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Wind Turbine Blade Maintenance Against All Odds

Press Release
20 Jun 2011

When a seven metre portion of a Vestas blade prototype broke off last year - only weeks after the company had a signed a deal to supply the same model to a 420MW wind farm in Australia - the company felt it had some explaining to do. But according to the latest Wind Energy Update Operations and Maintenance Report 2011, human error, which was ultimately the cause of the failure, is all too common in blade prototype manufacturing.

“The rotor blade prototype fabrication process requires significant hand labor, providing abundant opportunity for deviations to the fiber placement specifications,” explains the report, which provides an in-depth cradle to grave analysis of blade design, manufacture, and maintenance.

For its part, Vestas noted that manually produced prototypes engender a higher risk of failure than those produced by automated production processes. But it was quick to add that the failure of its V112–3.0 prototype would “not be possible in Vestas’ automated manufacturing process”.

The report’s authors concur. “Automation of the process promises to shorten the cycle time, document the process, increase repeatability, and reduce opportunities for human error”.

Beating the odds

Moving beyond the prototype and into full-scale production, however, does not shield the blade from a myriad potential production hazards, warns the report. For example, the very presence of composite and sandwich materials in wind turbine blades makes them prone to structural instabilities such as buckling and wrinkling.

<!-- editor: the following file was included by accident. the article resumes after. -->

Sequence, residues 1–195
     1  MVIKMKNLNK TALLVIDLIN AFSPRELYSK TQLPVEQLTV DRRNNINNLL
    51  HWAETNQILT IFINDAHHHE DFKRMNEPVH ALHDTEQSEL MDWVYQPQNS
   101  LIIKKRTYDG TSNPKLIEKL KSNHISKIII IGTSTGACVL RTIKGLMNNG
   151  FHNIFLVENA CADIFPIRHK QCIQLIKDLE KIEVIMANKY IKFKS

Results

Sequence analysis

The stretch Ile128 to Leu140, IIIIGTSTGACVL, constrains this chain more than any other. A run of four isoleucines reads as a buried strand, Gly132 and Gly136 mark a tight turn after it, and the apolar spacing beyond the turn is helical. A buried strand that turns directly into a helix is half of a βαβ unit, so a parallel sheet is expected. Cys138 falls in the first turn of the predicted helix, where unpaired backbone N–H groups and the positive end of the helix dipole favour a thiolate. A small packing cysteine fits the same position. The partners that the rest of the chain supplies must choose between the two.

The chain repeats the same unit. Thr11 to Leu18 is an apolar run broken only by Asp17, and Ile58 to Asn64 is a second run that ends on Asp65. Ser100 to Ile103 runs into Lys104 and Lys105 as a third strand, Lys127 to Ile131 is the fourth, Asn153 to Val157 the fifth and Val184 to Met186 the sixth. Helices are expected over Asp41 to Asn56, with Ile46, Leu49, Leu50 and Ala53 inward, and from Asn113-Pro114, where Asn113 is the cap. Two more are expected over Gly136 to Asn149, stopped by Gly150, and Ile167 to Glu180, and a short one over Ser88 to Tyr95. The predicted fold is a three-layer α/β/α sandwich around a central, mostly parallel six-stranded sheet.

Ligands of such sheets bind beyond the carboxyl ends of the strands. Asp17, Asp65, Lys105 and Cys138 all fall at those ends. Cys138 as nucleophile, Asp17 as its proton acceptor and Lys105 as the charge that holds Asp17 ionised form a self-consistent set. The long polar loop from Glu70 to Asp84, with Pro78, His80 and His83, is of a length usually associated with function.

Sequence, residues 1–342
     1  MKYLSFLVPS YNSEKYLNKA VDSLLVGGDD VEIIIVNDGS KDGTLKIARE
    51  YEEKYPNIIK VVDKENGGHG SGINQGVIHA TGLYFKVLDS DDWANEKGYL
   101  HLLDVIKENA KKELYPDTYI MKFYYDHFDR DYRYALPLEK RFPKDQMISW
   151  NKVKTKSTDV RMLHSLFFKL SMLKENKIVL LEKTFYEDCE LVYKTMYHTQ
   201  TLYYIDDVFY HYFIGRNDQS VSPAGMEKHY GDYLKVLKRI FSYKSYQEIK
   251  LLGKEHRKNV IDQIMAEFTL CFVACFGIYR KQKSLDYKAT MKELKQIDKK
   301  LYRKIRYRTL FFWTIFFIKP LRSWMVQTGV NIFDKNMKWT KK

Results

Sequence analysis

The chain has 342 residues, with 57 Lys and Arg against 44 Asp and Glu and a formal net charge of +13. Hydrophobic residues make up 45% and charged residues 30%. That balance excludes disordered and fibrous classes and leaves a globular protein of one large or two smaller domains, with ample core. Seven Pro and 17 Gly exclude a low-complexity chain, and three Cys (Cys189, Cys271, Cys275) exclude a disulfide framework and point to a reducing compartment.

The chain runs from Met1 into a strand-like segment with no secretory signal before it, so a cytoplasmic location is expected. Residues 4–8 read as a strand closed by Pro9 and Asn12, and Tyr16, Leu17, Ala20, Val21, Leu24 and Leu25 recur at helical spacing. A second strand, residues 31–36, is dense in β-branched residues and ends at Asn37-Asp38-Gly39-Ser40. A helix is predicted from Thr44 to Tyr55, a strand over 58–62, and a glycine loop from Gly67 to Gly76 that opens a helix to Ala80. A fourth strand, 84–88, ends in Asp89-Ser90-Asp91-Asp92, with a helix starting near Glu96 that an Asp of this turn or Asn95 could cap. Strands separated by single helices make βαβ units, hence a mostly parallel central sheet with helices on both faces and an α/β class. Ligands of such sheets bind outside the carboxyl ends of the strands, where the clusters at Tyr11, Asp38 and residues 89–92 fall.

Buckling can lead to delamination, which significantly reduces the fatigue life of the blade. This, in turn, can ultimately collapse the structure.

Once out of the factory door, a host of factors conspire to thwart a blade before it fulfils its 20-year design life. Transportation of the blade presents a formidable challenge, note the authors. Potential hazards include rocks flying up from the road, high winds, lightening, and hail. Repairs due to transport damage could range from fixing a crack, to replacing the entire tip.

Lightning and hail are one thing, but who would have thought that small insects could result in a double stall, negatively impacting turbine availability and eroding wind farm revenues by as much as 10%? Without proper maintenance this is an all too probable scenario, says the report.

For in-depth information on how to ensure that your blades are well designed, arrive on-site in pristine condition, and are installed and maintained to ensure optimal turbine availability and wind farm profitability, read the full Wind Energy Update Operations and Maintenance Report 2011.

To find out how to obtain your copy today, follow this link:


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